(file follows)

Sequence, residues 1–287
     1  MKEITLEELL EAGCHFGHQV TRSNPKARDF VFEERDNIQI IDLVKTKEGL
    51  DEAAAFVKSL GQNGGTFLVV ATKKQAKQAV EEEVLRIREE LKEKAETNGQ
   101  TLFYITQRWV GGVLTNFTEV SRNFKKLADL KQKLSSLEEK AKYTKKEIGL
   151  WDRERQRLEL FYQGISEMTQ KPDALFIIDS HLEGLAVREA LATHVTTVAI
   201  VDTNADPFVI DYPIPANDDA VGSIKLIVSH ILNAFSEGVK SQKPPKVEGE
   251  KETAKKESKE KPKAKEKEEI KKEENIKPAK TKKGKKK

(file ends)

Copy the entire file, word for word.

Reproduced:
Sequence, residues 1–287
     1  MKEITLEELL EAGCHFGHQV TRSNPKARDF VFEERDNIQI IDLVKTKEGL
    51  DEAAAFVKSL GQNGGTFLVV ATKKQAKQAV EEEVLRIREE LKEKAETNGQ
   101  TLFYITQRWV GGVLTNFTEV SRNFKKLADL KQKLSSLEEK AKYTKKEIGL
   151  WDRERQRLEL FYQGISEMTQ KPDALFIIDS HLEGLAVREA LATHVTTVAI
   201  VDTNADPFVI DYPIPANDDA VGSIKLIVSH ILNAFSEGVK SQKPPKVEGE
   251  KETAKKESKE KPKAKEKEEI KKEENIKPAK TKKGKKK